The Union Public Service Commission has so far constituted following committees for review of different aspects of Civil Services Examination including the language issues:-
i) Kothari Committee
ii) Satish Chandra Committee
iii) Y.K. Alagh Committee
iv) Anandakrishnan Committee
v) Bhattacharya Committee S.K. Khanna Committee
vii) Nigavekar Committee
viii) Purushottam Agarwal Committee.
ix) Baswan Committee.
Except for the Baswan Committee, which is yet to submit its report, all other Committees have since submitted their reports and in none of these reports, any recommendation has been made for revising the Civil Services to set questions in all the languages listed in Schedule VIII of the Constitution.
The Central Government has constituted an Expert Committee under chairmanship of Shri B. S. Baswan, vide Notice dated 12.8.2015 to examine the various issues connected with the Civil Services Examination. The Committee has been asked to submit its report within 06 months of its constitution.
2)Initiative to promote use of Construction & Demolition waste :-
As part of ongoing efforts under Swachh Bharat Mission, the Union Government has now permitted substantially enhanced use of Construction and Demolition (C&D) waste in construction.
In consultation with the Ministry of Consumer Affairs, the Ministry of Urban Development has decided to allow use of C&D Waste to the extent of 20% of coarse and fine aggregates, known as ‘bajri’ in construction of load bearing items and up to 100% for non-load bearing purposes.
The new provision allowing use of C&D Waste is expected to significantly help in reuse of such waste since more than 100 lakh metric tones of C&D Waste is being generated per year in urban areas, making its disposal in a safe and sanitary manner, a major challenge.
With growing urbanization, a shortage of 14,000 crore tones of construction aggregates in housing and road construction sector is estimated in coming years. Reuse of C&D Waste under new provisions can to certain extent address this shortage.
3)Ground Water Level in the Country :-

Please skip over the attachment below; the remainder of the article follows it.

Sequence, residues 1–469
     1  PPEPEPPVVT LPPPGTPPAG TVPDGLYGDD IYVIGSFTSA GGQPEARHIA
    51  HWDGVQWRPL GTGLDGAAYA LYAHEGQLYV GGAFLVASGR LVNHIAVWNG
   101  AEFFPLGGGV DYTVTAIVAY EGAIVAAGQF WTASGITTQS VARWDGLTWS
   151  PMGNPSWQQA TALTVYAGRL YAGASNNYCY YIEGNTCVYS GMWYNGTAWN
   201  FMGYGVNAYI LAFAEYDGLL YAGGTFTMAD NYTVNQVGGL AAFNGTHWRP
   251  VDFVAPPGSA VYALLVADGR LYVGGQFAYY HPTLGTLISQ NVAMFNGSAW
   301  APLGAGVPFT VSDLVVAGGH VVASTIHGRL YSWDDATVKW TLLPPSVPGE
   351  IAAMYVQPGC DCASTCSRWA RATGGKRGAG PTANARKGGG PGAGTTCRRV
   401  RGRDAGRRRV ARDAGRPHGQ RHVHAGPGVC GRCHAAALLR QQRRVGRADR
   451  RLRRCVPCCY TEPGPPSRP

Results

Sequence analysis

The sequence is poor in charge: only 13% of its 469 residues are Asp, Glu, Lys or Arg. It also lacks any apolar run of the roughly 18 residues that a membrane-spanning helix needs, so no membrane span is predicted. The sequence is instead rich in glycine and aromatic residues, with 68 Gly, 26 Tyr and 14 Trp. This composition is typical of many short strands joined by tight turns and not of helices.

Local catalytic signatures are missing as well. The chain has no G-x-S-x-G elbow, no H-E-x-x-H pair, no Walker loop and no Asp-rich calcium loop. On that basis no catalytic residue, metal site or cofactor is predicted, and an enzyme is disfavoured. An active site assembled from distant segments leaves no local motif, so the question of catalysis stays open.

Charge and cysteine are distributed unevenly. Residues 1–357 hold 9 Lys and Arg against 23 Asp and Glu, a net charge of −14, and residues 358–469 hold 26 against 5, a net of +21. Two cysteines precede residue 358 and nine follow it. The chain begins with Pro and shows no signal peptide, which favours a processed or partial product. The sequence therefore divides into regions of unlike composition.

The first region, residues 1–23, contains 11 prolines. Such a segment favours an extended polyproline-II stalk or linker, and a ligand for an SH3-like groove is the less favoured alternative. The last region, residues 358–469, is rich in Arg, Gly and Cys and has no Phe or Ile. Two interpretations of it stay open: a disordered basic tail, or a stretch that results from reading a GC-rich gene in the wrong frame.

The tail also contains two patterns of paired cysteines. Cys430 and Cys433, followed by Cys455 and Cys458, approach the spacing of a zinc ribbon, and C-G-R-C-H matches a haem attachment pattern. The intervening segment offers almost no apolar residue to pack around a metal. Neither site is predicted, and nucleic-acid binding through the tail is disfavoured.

As per the latest assessment (Year-2011) of Dynamic Ground Water Resources, carried out jointly by Central Ground Water Board (CGWB) and the State Governments, out of 6607 assessment units (Blocks/ Mandals/ Talukas/ Firkas/ Districts) in the Country, 1071 units falling in 16 States and 2 UTs have been categorized as ‘Over-Exploited’. In addition¸ 217 assessment units are ‘Critical’ and 697 Semi-Critical on the basis of declining ground water level and stage of ground water development.
What the report says:-
Rainfall is the main source of annual replenishable ground water resource.
Most part of India receives rainfall mainly during South West monsoon.
Major part of the country including Northern, Central and Eastern India receives annual normal rainfall between 75 and 150 cm. Highest rainfall of more than 250 cm is received in the North Eastern States and along West Coast in the Konkan region whereas western Rajasthan receives about 15 cm of rainfall in an year.
In north western part in Punjab, Haryana, Delhi, Western Uttar Pradesh where though replenishable resources is abundant but there have been indiscriminate withdrawals of ground water leading to overexploitation.
In western part of the country, particularly in Rajasthan, Gujarat where due to arid climate, ground water recharge itself is less leading to stress on the resource and in peninsular India like Karnataka, Andhra Pradesh and Tamil Nadu where due to poor aquifer properties, ground water availability is less.
Sustainable development and efficient management of water is an increasingly complex challenge in India. Increasing population, growing urbanisation and rapid industrialisation combined with the need for raising agricultural production generates competing claims for water.
Ground water has an important role in meeting the water requirements of agriculture,
industrial and domestic sectors in India. About 85 percent of India’s rural domestic water requirements, 50 percent of its urban water requirements and more than 50 percent of its irrigation requirements are being met from ground water resources.
Most of rainfall (about 75%) occurs during a short span of four Monsoon months (June to September) resulting into eight relatively dry months.This leave India with a small span of time for ground water recharge.
Rainy day is defined as a day when rainfall recorded is at least 2.5 mm.
Several reports by organizations such as World Bank, United Nations International Children`s Emergency Fund (UNICEF), Food & Agriculture Organization(FAO), United Nations Environment Programme (UNEP) etc have mentioned about ground water related issues and challenges in the Country, and suggested a number of measures like:-
increase in water tariffs in urban settings
optimizing crop water requirements
conjunctive use of surface and ground water in specific areas
ground water recharge to manage over-exploitation of ground water
What the Government has done :–
National Water Policy (2012) has been formulated by Ministry of Water Resources, RD & GR which, inter-alia, advocates rain water harvesting and conservation of water and highlights the need for augmenting the availability of water through direct use of rainfall.
CGWB carried out Aquifer Mapping and Management programme .Under this program, about 8.89 lakh sq.km prioritized water stressed areas has been taken up with an aim to delineate aquifer disposition and their characterization along with quantification and for preparation of aquifer/ area specific ground water management plans.